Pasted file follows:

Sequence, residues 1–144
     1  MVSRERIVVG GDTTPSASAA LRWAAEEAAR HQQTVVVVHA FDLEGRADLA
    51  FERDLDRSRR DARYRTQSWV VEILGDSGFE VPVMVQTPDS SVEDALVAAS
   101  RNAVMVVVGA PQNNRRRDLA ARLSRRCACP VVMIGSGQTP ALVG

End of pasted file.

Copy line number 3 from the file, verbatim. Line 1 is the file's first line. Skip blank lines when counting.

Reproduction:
    51  FERDLDRSRR DARYRTQSWV VEILGDSGFE VPVMVQTPDS SVEDALVAAS